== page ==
Friday, July 1, 2022

Huge swathe of NSW land protected in-perpetuity: Griffin

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Australian Rural & Regional News has asked the Minister some questions, set out below the release.

The Hon James Griffin, Minister for Environment and Heritage (NSW), Media Release, 12 June 2022

More than 31,200 hectares of private land in north western NSW is now protected in perpetuity through the NSW Government’s Biodiversity Conservation Trust (BCT), marking a major win for biodiversity in the region.

Minister Griffin with Phil Eulo
Minister Griffin with Phil Eulo (Bush Heritage Australia field officer Bush Heritage Australia and Budjiti Elder) and Brenda Duffy (Healthy Landscapes Manager, Bush Heritage Australia) at Naree Station.
Photo: Harriet Ampt, NSW BCT.

Minister for Environment James Griffin said Bush Heritage Australia and South Endeavour Trust have signed permanent conservation agreements for Naree Station and Yantabulla Station.

“This is a NSW Government commitment of $8.9 million to support the rich biodiversity in this part of the state, and it’s a great example of what government and private organisations can achieve when working together to protect and conserve our environment,” Mr Griffin said.

“At least 60 per cent of Australia’s land is privately owned or managed, and many important ecosystems are found on private land, which is why conservation agreements like these are so important.

Naree. Photo: Alex Pike, NSW DPE.

“These two massive sites, which are on the traditional Country of the Budjiti people, are home to nationally significant wetlands for waterbird feeding and breeding.

“The wetlands form part of the Paroo River catchment, which is the last free-flowing river of the Murray Darling Basin. It’s considered among the top 20 sites for waterbirds in Australia.

“These two BCT conservation agreements are pivotal for the many species that rely on the protection of these unique ecosystems to breed, rest and survive.”

At Naree and Yantabulla, ecologists have recorded:

  • More than 187 water bird species, many of which are threatened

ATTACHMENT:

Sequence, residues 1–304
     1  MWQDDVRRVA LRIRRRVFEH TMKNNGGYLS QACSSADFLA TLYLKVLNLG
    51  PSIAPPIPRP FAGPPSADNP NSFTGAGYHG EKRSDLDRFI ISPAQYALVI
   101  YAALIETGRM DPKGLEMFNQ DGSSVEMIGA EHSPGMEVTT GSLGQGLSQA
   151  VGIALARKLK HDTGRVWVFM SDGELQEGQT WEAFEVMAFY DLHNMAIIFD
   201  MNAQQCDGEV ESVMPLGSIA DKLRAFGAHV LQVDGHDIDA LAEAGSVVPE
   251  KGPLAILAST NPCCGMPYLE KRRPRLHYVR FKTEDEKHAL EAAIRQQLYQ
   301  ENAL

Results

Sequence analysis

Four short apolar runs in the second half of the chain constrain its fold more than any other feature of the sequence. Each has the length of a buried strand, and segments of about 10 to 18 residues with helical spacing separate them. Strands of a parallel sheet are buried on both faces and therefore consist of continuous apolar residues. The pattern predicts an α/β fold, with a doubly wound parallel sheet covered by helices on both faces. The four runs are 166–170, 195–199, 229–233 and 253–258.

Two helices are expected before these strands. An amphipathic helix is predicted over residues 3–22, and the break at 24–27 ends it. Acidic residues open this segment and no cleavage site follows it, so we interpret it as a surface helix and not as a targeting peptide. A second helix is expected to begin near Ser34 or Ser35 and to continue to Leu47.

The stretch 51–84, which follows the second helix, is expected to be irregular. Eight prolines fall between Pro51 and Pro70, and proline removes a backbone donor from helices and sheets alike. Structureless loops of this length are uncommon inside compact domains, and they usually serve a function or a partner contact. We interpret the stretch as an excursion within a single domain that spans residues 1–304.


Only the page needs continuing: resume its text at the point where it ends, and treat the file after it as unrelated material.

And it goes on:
• At least 15 mammal species, including the vulnerable striped faced dunnart, sandy inland mouse and little pied bat
  • At least 350 native plant species, among 16 vegetation communities
  • Important habitat for pink cockatoos, budgies, emus, short beaked echidnas, red kangaroos, and a variety of frogs and reptiles.

The agreements, administered by the NSW Government’s BCT, are supported in perpetuity with annual payments for agreed conservation action.

The combined conservation area protected under these agreements is 31,266 hectares, which is one of the largest areas of private land protected under a BCT agreement.

Prior to signing these agreements, the BCT had invested $124.9 million to support 146 funded conservation agreements, collectively covering over 78,000 hectares.

These two neighbouring agreements therefore increase the area protected under funded agreements by a whopping 40 per cent.

To read more about the BCT, visit https://www.bct.nsw.gov.au/

Questions

Australian Rural & Regional News has asked some questions of the Minister. The Minister’s response will be published here once received.

  • What is the nature of the agreed conservation action on Naree Station and Yantabulla Station?
  • What action is required by the BCT agreement that would not otherwise take place?
  • What impact does the action required have on the current agricultural operations on the properties?
  • How does the amount paid to the landowners relate to agricultural income forfeited by them to undertake the action and the cost of the agreed actions?
  • How is the annual payment to the landowners determined, including in perpetuity, and will the payments vary?
  • What would be the cost to the current or any future landowner to remove the obligation?
  • What is the position if the ecosystems paid to conserve are destroyed or substantially damaged, for instance by fire or other natural disaster?
  • What is the position if the inflows of water sustaining the wetlands are significantly reduced in the future, including due to climate change? 
  • Do the actions impact on water management in the Murray Darling Basin?
  • Do the agreements entitle the State to step in and take control of the land in any circumstances?
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